Visiting for the first time since the site upgrade? Read what's new!
Street View is the best available vantage point looking, if possible, towards the location of the building. In some locations, Street View may not give a view of the actual building, or may not be available at all. Where it is not available, the satellite view is shown instead.
Latitude: 52.5049 / 52°30'17"N
Longitude: 1.2944 / 1°17'39"E
OS Eastings: 623677
OS Northings: 294768
OS Grid: TM236947
Mapcode National: GBR VHS.XQV
Mapcode Global: VHL8R.D94L
Entry Name: Hempnall War Memorial
Location: Hempnall, South Norfolk, Norfolk, NR15
District: South Norfolk
Traditional County: Norfolk
Lieutenancy Area (Ceremonial County): Norfolk
Listing Date: 15 March 2017
Source: Historic England
Source ID: 1443914
First World War memorial, unveiled 1919, with Second World War additions. Elaborate wheel head stone cross on a plinth with rusticated base.
Hempnall War Memorial is located on a small green at the junction of Broaden Lane and The Street, c40m to the east of The Thatched House (Grade II-listed). It comprises a stone wheel-head cross with detailed carvings of the rose, iris, grape and Passion of Christ flowers on each arm of the cross, and a Tudor rose motif at the centre. The wheel of the cross-head includes small floral carvings.
The cross head surmounts a straight shaft with simply-moulded foot and a wreath carved in relief towards the upper part to front and rear. The shaft rises from a tapering plinth with double-moulded cap and sloping foot step. This stands on a large stone base given rusticated surface detailing.
The principal dedicatory inscription, repeated to the front and rear faces of the cross shaft underneath the carved wreaths, reads TO/ THE GLORY/ OF GOD/ 1914-1918 with the commemorated names listed on two faces of the plinth. The Second World War dedication, to the east face of the plinth, reads TO THE GLORY OF/ GOD/ 1939-1945/ (NAMES).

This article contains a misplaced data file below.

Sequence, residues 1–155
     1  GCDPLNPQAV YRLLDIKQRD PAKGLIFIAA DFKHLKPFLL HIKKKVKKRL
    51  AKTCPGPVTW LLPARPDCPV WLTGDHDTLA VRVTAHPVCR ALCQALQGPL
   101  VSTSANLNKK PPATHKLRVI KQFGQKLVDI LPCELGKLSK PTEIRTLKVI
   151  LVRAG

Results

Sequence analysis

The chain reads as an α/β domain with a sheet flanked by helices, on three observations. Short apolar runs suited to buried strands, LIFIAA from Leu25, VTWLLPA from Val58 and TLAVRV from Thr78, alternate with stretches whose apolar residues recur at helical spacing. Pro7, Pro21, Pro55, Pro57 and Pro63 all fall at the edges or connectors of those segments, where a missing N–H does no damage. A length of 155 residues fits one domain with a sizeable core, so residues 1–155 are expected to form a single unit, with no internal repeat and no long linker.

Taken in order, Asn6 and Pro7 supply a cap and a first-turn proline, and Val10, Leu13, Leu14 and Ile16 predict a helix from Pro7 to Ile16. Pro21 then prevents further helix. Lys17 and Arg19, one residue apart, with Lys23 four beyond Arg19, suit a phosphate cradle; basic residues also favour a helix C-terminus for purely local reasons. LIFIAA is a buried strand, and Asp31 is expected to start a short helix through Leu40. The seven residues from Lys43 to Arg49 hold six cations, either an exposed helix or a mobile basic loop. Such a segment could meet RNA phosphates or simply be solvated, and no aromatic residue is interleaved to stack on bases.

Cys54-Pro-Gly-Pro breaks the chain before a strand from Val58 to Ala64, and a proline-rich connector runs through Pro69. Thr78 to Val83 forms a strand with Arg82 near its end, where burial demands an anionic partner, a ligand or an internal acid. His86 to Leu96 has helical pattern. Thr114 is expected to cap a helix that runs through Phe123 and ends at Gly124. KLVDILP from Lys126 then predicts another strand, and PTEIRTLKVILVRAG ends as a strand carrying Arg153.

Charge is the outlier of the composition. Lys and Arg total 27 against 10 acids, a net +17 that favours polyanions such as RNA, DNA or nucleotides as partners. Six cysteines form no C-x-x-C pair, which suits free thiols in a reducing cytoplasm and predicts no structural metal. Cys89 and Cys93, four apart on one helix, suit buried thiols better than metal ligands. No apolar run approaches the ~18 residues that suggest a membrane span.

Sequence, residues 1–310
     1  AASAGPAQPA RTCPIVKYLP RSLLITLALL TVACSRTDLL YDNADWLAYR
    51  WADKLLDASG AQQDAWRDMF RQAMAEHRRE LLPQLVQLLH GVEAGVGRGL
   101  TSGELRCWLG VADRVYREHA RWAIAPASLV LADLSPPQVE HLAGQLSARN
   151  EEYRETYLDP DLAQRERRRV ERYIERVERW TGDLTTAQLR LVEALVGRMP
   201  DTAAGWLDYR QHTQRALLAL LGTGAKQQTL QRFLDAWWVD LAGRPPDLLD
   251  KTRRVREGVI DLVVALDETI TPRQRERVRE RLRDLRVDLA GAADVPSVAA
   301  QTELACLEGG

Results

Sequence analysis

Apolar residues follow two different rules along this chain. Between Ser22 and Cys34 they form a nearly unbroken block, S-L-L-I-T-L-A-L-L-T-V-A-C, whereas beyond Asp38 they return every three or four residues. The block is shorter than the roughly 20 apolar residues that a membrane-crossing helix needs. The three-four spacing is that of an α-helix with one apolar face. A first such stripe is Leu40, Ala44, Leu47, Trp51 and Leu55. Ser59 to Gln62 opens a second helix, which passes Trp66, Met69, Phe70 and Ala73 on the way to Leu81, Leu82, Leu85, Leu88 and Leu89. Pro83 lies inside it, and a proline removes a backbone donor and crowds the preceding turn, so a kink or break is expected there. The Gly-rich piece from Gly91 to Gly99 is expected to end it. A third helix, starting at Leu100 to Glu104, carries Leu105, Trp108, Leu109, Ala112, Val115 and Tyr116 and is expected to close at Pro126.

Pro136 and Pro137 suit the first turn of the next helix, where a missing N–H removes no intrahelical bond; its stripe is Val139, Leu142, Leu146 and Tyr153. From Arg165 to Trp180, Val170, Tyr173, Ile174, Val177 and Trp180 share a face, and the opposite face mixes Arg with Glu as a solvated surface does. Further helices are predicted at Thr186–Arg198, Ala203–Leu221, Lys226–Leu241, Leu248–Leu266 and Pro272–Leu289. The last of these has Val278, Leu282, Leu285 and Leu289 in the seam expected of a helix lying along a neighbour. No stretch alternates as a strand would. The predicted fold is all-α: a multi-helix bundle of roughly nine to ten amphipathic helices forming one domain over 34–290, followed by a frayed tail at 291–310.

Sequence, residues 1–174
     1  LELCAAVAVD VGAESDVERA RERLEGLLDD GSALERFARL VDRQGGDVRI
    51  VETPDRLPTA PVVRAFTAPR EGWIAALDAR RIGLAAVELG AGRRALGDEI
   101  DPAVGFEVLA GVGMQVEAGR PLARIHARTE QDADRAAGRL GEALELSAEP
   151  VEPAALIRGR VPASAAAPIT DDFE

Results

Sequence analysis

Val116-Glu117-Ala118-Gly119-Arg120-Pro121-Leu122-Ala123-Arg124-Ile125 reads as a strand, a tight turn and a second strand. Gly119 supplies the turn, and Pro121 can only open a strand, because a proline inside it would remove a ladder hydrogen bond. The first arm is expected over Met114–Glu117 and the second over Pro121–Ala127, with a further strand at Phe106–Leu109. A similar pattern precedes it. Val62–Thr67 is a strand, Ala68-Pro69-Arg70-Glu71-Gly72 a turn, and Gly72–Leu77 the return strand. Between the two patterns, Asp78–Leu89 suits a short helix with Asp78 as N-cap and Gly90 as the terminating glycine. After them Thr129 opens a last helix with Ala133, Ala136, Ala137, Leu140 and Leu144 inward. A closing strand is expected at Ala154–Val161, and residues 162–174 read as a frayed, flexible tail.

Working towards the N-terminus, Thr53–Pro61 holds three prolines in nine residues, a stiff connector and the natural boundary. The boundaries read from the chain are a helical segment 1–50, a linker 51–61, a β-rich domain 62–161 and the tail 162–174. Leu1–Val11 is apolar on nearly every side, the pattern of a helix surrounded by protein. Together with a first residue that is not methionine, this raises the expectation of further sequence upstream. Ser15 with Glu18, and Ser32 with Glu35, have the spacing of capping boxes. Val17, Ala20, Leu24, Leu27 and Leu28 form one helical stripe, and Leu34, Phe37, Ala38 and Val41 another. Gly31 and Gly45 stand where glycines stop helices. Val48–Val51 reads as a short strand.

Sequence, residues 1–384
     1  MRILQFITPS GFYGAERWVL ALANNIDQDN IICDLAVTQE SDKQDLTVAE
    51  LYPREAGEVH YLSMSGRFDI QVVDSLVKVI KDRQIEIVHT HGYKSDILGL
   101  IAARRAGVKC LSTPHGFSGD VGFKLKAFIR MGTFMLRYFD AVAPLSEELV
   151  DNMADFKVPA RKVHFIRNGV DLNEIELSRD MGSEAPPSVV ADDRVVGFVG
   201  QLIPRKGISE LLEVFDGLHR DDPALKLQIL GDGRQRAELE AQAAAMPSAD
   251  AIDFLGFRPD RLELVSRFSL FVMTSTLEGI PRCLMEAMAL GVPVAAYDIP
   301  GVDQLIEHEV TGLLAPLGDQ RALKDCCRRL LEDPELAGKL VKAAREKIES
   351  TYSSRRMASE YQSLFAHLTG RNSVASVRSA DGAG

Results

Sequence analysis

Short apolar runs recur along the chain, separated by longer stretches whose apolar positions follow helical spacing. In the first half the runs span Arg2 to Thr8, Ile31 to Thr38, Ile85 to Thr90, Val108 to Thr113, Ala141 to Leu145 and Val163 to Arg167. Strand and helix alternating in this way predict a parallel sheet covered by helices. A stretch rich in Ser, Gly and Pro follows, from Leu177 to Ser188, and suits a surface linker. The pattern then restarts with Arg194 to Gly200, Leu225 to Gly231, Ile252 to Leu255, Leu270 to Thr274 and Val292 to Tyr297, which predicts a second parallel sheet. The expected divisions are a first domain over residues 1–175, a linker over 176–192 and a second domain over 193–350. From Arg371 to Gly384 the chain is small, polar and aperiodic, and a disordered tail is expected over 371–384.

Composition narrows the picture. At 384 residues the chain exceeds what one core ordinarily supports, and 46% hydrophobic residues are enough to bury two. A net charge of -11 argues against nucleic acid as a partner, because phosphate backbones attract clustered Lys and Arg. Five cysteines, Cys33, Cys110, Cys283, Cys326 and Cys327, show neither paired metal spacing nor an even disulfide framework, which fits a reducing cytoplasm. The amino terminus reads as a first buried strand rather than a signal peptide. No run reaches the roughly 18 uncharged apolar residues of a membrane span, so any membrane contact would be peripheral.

The memorial stands within a small gravelled enclosure bounded by four low posts that carry spiked chains. The south-eastern post is inscribed COMMEMORATION/ OF THE/ KING’S/ SILVER JUBILEE/ 1935.
The aftermath of the First World War saw the biggest single wave of public commemoration ever with tens of thousands of memorials erected across England. This was the result of both the huge impact on communities of the loss of three quarters of a million British lives, and also the official policy of not repatriating the dead: therefore the memorials provided the main focus of the grief felt at this great loss.
One such memorial was raised at Hempnall as a permanent testament to the sacrifice made by the members of the local community who lost their lives in the First World War. It was unveiled by the Honourable WH Cozens-Hardy MP, in December 1919. The memorial commemorates 21 local servicemen who died in the First World War, most of whom were volunteers, and five men who died in the Second World War.
Hempnall War Memorial, which stands in the junction of Broaden Lane and The Street, is listed at Grade II for the following principal reasons:
* Historic interest: as an eloquent witness to the tragic impact of world events on this local community, and the sacrifice it has made in the conflicts of the C20;
* Architectural interest: a well-ornamented wheel-head cross combining symbols of commemoration including flowers and wreaths;
* Group value: with The Thatched House (Grade II).
Other nearby listed buildings